In November last year, my husband Pete and I were given the news that our now three year old son, George, has autism. This diagnosis, and in particular the behaviours and difficulties that autism imposes on our lives, have been life changing for all of us. We adore our son and because of this we are totally committed to doing whatever we can to support him, to give him a wonderful life and help him to reach his potential. However, since being “tarred with the autism-brush”, we have also felt the need to become fiercely protective of George, far more so than before the diagnosis, when we were as the parents of a “normal” child.

Belinda with her beautiful family

It has become so clear to me that people do not understand autism. At all. This is by no means a criticism. Indeed, autism is a very complex beast and each person with autism has an entirely unique set of strengths and challenges. I will be the first to admit that before our son was diagnosed I had no idea what autism actually was, how difficult it made even basic daily tasks and the host of other side-issues that came along for the ride. And because the people around us, loved ones and strangers alike, lack so much understanding, it only adds to the weight on our shoulders. Not only do we have to battle through each day to do even the simplest of things but we also have to defend and explain ourselves and our son over and over again. It is in a word, exhausting.

Early on in my autism journey I actually didn’t want to tell anyone about George having autism. I thought it was nobody’s business and I didn’t want autism to define George and to have all of his delightfully endearing qualities overlooked. But, as his mum, I have since made a very conscious choice to be as open as possible about what is going on in our family. Autism is a major part of our life. George is, and always will be autistic. Everything he does throughout his life will be flavoured by this. I want him to stand tall and be confident and comfortable in his own skin. I want him to feel that there is no part of who he is that should be kept hidden away. And I realised after some time that if this is what I want for him, then it must start with me. I’m not writing about any of this for pity, attention or sympathy. I’m doing it because I want to set the best example I can for my son.

In my first act of openness and honesty, earlier this year I posted a series of autism insights on my Facebook page, to let those around us, who love and care about us, know what was really going on and how autism was affecting our lives. The response was amazing and the love and support we have felt from those who read the posts certainly reassured me that sharing our personal story was the right thing to do. I was approached by Kids in Adelaide to share these insights with all of you, to help a wider audience gain a better understanding about autism. I am excited and very grateful to have this opportunity but also apprehensive about sharing our family’s journey with total strangers. But, wherever there is an opportunity to help raise awareness about autism I will be there. So here I am.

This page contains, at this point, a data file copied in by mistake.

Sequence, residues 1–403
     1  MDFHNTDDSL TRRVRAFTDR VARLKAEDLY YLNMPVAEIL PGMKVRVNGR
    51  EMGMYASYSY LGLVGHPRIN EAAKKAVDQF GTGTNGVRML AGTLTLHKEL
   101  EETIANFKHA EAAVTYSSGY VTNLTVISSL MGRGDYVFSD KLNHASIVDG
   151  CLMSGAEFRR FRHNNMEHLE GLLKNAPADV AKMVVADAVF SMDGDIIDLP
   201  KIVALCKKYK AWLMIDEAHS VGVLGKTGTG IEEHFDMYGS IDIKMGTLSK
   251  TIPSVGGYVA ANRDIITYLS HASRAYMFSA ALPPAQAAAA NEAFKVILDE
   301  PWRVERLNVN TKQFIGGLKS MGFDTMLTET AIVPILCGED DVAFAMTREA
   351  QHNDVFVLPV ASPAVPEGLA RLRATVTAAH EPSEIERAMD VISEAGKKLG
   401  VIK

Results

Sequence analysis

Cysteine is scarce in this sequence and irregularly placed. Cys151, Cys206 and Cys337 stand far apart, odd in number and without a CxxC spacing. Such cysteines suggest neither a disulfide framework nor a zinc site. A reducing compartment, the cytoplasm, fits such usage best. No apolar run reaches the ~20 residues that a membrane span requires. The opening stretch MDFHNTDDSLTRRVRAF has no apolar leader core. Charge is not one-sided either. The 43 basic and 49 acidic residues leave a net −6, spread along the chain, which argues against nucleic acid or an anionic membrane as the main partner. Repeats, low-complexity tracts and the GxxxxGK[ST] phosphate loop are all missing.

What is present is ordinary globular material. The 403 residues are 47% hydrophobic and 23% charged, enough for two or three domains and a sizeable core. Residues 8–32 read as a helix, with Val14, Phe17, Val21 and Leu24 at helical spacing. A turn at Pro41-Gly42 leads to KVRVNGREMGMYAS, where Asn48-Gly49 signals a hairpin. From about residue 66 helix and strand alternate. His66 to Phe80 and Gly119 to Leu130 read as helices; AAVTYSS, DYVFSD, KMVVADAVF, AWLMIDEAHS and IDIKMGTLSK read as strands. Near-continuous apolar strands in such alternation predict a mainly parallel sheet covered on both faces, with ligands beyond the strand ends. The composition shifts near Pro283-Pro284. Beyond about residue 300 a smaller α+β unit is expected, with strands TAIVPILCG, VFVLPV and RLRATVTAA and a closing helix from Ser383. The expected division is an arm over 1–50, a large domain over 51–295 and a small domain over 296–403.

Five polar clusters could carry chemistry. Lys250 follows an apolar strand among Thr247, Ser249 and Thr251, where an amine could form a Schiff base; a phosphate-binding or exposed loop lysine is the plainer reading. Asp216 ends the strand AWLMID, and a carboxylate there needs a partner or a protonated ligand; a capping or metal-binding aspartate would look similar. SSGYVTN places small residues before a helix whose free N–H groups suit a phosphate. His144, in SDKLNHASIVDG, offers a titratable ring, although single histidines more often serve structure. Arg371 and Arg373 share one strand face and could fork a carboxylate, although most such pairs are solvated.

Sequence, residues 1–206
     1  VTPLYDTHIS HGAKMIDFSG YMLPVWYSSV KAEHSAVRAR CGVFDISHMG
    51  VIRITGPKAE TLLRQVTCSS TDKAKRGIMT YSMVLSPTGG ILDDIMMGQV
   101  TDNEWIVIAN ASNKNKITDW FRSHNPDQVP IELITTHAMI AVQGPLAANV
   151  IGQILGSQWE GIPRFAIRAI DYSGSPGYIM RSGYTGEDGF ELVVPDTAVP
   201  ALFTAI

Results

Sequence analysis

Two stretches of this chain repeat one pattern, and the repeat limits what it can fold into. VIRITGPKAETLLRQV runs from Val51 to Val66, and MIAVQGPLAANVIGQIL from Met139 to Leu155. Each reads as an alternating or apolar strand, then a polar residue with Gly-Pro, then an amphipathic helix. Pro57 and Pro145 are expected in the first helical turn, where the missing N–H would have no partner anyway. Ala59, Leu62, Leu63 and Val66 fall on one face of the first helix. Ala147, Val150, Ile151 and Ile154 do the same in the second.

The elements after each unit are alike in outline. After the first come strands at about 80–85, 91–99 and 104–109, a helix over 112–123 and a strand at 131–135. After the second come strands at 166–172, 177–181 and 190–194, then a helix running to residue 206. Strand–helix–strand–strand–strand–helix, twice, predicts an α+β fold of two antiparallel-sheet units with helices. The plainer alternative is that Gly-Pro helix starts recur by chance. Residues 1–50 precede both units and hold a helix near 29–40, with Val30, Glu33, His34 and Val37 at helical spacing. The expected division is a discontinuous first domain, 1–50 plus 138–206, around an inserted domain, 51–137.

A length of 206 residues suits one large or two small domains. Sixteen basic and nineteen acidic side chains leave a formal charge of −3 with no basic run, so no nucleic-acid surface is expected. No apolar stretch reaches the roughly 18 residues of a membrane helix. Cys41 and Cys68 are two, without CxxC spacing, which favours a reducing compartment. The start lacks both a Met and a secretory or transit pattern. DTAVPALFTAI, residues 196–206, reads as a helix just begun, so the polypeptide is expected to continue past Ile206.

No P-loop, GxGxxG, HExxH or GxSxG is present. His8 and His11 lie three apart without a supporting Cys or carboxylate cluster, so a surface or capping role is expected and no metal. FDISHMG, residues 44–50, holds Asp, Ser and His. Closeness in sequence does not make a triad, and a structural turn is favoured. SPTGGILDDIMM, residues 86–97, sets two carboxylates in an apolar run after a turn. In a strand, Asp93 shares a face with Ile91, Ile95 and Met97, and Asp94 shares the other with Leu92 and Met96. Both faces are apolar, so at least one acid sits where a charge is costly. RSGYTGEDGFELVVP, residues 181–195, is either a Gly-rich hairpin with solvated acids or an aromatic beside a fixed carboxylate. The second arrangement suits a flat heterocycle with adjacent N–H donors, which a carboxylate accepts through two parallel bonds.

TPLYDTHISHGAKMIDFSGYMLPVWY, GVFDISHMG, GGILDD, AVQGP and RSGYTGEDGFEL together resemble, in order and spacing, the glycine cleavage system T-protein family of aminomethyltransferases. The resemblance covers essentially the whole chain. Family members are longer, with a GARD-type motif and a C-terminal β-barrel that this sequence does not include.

By sharing the intimate details of our family’s life with you I hope to be able to break down some of the stereotypes and clichés around autism. I also intend to explain why the challenges in our family are so complex and why autism has been life-changing for us just as it is for so many other families. I can’t speak for other families, our story is unique. But the more stories you read and hear, the more you will understand autism and this will go a long way to help make living on the spectrum easier for my son and the many, many people like him.

So please, let’s talk more about autism. Talk freely, talk honestly, there is no need to whisper the word or talk around it. Saying the word quietly only makes it harder to hear you, it does not protect us from the autism nor does it remind us that our child has autism…we never forgot. Ask questions if you have them. If you ask questions it shows you care and that in itself is a wonderful gesture. Most importantly, take the time to try to understand the person in your life with autism a little better. Each individual person has their own interests and these are the key to connecting with them.

I’ll finish my introduction with the disclaimer that as you read our story please remember that I am not an autism expert by any stretch. Whatever you read is simply words from the heart of a mother raising a beautiful child with autism, and all the things I have learnt and experienced on that journey. If you choose to read my insights, thank you so much for taking the time out of your own life to learn a little more about ours. Through reading you may learn things that allow you to be more inclusive of people like my little George and if that is the case then, as his mother, there is nothing more I could wish for.